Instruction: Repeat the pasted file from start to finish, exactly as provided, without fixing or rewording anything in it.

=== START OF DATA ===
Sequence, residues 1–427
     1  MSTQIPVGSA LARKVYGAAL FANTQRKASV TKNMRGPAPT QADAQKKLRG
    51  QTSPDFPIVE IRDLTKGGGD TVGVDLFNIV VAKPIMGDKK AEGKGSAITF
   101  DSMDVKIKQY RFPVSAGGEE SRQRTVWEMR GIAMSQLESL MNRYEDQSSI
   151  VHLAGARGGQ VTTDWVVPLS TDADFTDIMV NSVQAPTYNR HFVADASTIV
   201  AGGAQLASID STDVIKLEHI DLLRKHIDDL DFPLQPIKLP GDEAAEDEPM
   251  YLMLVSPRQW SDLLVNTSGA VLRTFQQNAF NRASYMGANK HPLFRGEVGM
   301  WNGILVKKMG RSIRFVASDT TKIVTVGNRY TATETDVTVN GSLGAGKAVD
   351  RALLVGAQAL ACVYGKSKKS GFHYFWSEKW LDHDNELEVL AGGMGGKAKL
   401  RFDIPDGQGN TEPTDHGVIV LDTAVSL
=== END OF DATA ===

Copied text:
Sequence, residues 1–427
     1  MSTQIPVGSA LARKVYGAAL FANTQRKASV TKNMRGPAPT QADAQKKLRG
    51  QTSPDFPIVE IRDLTKGGGD TVGVDLFNIV VAKPIMGDKK AEGKGSAITF
   101  DSMDVKIKQY RFPVSAGGEE SRQRTVWEMR GIAMSQLESL MNRYEDQSSI
   151  VHLAGARGGQ VTTDWVVPLS TDADFTDIMV NSVQAPTYNR HFVADASTIV
   201  AGGAQLASID STDVIKLEHI DLLRKHIDDL DFPLQPIKLP GDEAAEDEPM
   251  YLMLVSPRQW SDLLVNTSGA VLRTFQQNAF NRASYMGANK HPLFRGEVGM
   301  WNGILVKKMG RSIRFVASDT TKIVTVGNRY TATETDVTVN GSLGAGKAVD
   351  RALLVGAQAL ACVYGKSKKS GFHYFWSEKW LDHDNELEVL AGGMGGKAKL
   401  RFDIPDGQGN TEPTDHGVIV LDTAVSL